fabrisse: (Default)
I got my recipe originally from the book Everybody Eats Well in Belgium. If you know Emanuelle's method for making fresh cheese and have the time, it's a great start. I generally use ricotta. It can be a dip for vegetables or spread on crackers or bread.

1 cup ricotta cheese
2 Tablespoons of fresh thyme chopped
2 Tablespoons of fresh parsley chopped
2 scallions or 1 shallot or 1 larger green onion
1 Tablespoon of vinegar (champagne, white wine, or thyme)
Salt and pepper to taste
Chopped radish
Chopped carrot

Mix it all together at least three hours before serving. Add a teaspoon of hazelnut or walnut oil, if you like the flavor.

Variations:
Substitute buttermilk for the vinegar
Substitute lemon or lime juice for the vinegar and use lemon or lime zest instead of thyme.
Substitute dill for both the parsley and the thyme
Use truffle oil for the optional oil.
fabrisse: (Default)
I like Jenny Baker's cookbooks. This comes from Simple French Cuisine: From Provence and Languedoc.

Carrots
Honey
Whole Orange

For every pound of carrots add an equal amount of honey and one whole orange which should be stabbed with a knife before adding it. Put in twice as much water as carrots (in other words, 32 ounces of water for 16 ounces of carrots and 16 ounces of honey.).

Bring to a boil and then turn down to a simmer. Cook for at least half an hour, but you can keep cooking for as long as you like. According to the original recipe, after about hour 5 it will turn into jam. I don't know. I've never cooked it that long.

What I do know is that people who claim they hate cooked carrots, carrots in general, or carrot shaped objects will sharpen their elbows and run over the other guests in order to get plenty of this dish.

It's terrific cold which makes this an easy, if sticky, picnic dish.
fabrisse: (Default)
Also a picnic food.

Prepare asparagus (sorry [livejournal.com profile] gileswench) by taking one end of the spear in each hand and gently bending it. It will snap at a natural spot. Either discard the thick end or, if you do this, save it for making vegetable broth.

Line the asparagus in a single row on a broiler pan. Liberally douse the spears with olive oil. Salt and fresh ground pepper should be applied. Put them under the broiler for three minutes if they're the very skinny Italian spears, five to seven minutes for the standard green spears, and seven to twelve minutes if they're very thick.

Set them on a platter and squeeze blood orange wedges over them. If you don't have blood oranges, squeeze any standard orange over them. If all you can find are navel oranges, mix the juice with a little lemon juice.

This was the first recipe I ever tried to redact.
fabrisse: (Default)
In honor of DC heat, I've decided to do picnic foods.

This can be a side salad or a main course depending on how many people you spread it around. I believe the original for this recipe came out of a Seventeen magazine circa 1981. But I could be wrong.

The original recipe called for farfalle (bow ties). I like gemelli for this, but I haven't found them in whole wheat yet. If I use whole wheat pasta, it's rotini. Spaghetti and angel hair also work, if it's a main course. Don't use shells because you can't get the flavoring to pasta ratio right on the fork.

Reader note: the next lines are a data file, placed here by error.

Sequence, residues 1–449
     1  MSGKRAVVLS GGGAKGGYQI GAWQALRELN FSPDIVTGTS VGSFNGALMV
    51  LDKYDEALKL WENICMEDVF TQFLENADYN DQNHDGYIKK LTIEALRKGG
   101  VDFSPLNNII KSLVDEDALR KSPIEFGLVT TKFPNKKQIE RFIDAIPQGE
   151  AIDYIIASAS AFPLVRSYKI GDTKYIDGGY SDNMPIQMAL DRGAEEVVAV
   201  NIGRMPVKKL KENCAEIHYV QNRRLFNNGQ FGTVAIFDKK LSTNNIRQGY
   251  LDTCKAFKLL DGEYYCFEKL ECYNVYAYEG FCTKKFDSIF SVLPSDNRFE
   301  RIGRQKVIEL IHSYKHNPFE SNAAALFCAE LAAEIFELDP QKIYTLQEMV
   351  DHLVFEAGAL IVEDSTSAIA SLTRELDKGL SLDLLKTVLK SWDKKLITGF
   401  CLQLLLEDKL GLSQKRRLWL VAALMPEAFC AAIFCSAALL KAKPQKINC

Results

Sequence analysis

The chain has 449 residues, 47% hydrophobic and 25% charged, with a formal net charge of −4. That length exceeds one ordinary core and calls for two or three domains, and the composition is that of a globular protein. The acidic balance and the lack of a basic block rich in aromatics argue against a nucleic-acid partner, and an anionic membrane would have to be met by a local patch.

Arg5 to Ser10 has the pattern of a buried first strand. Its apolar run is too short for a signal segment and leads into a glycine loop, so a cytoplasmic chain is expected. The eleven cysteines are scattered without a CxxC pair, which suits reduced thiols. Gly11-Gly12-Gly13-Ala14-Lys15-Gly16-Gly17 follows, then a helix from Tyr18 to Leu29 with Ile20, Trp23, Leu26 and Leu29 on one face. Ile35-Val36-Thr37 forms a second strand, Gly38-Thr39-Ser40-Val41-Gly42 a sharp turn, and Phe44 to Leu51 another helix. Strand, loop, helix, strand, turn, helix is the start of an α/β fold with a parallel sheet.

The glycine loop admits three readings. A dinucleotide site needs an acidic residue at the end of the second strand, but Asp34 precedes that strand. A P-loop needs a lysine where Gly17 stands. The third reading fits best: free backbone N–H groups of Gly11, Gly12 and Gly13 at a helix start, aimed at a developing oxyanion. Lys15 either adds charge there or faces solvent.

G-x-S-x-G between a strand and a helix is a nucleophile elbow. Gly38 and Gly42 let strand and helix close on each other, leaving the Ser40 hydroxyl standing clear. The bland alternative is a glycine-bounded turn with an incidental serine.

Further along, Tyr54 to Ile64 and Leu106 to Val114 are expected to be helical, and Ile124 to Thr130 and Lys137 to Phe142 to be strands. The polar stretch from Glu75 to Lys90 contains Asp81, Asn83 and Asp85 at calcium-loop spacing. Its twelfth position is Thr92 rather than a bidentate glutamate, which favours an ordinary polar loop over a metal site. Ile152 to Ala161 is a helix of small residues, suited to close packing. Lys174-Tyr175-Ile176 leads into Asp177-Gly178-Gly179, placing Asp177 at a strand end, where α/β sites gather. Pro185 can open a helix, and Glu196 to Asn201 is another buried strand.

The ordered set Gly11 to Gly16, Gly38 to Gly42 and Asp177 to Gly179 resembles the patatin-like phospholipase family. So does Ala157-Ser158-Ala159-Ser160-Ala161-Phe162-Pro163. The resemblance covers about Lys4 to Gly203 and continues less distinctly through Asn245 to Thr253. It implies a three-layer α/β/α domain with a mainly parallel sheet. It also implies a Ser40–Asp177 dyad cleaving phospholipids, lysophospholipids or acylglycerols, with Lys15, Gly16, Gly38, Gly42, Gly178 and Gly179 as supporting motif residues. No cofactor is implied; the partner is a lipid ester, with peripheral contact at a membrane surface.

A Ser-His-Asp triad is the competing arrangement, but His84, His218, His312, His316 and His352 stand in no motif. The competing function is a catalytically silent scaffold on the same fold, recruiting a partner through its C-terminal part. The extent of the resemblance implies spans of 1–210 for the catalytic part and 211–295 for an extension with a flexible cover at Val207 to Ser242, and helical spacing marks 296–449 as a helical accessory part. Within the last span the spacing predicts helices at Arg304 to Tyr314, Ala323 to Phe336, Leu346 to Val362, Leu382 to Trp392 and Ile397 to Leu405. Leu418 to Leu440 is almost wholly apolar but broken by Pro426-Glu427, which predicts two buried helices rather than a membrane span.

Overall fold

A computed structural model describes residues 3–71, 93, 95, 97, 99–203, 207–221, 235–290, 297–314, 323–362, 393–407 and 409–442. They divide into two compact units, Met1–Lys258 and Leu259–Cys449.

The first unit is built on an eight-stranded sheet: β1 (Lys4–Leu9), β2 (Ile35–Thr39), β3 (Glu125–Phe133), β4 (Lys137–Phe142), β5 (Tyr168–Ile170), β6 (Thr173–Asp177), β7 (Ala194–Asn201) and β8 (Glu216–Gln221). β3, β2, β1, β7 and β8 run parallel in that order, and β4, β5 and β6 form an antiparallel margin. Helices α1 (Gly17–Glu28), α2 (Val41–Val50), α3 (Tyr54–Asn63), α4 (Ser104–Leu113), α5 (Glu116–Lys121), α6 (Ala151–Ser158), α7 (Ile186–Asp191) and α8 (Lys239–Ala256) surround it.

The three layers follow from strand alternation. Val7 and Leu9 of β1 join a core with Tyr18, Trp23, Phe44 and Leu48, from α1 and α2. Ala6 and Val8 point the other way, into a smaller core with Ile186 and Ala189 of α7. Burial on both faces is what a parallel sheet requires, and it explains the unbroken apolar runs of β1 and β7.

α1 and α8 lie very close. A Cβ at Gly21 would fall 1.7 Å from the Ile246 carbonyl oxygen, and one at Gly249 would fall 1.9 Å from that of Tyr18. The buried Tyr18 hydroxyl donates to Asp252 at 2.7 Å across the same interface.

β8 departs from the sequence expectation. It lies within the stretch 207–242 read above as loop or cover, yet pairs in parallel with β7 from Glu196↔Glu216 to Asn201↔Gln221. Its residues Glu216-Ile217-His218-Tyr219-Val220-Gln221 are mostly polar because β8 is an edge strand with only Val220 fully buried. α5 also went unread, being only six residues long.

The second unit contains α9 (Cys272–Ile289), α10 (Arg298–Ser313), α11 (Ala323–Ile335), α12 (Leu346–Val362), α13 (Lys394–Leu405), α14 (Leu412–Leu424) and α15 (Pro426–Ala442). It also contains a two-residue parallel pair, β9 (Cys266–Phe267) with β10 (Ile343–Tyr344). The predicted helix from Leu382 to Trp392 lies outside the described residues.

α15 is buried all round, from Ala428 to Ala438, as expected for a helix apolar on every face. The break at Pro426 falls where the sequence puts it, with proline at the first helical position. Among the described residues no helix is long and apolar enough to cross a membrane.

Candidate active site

1 pound of tomatoes. More if you are trying to get rid of some or really love tomatoes. If you use whole tomatoes, skin them and chop them. Seed them if you don't like the seeds. I use the water I'm boiling for the pasta for the skinning and add the pasta afterward. If you use grape or cherry tomatoes, cut them in half. Life is too short to peel cherry tomatoes. Put it all in a large bowl. I prefer glass or pyrex. Anything except metal is fine. (I've mixed cherry tomatoes and large, peeled tomatoes in this recipe. It's very forgiving.)

1 large bunch (2/3 of a cup of leaves. More if you like) of Basil. Chop or chiffonade (roll the leaves into a long cigar and slice through them) the basil and add to the tomatoes.

2 Tablespoons of good olive oil. Add it to the tomatoes and basil.

Salt and fresh ground pepper to taste. Add to the bowl.

At this point you can stop and refrigerate the ingredients. I usually do that for about an hour and then pull them out of the refrigerator just as I start the water for the pasta. It isn't necessary, though.

1 pound of pasta. Prepare according to the directions on the box.

1 cup of grated mozzarella cheese.

1/2 cup of chopped walnuts.

Drain the pasta. Add some to the bowl with about a third of the mozzarella and nuts. Stir lightly and add more pasta, cheese, and nuts. The cheese should get a little stringy.

You can either serve it immediately or let it cool and chill it for awhile. I would use it within 24 hours, but I've known it to keep longer if well covered.

Variations:
Substitute sundried tomatoes for some or all of the fresh tomato.
Use pine nuts, pistachios, or slivered almonds in place of the walnuts. Pecans and cashews are too bland.
Try another fresh herb -- dill is good -- in place of the basil. I would keep it to ONE herb, not many.
If you really love spicy food, a seeded hot pepper cut into rings is a good addition. Warn your guests because the acid in the tomatoes seems to enhance the burn of the pepper.

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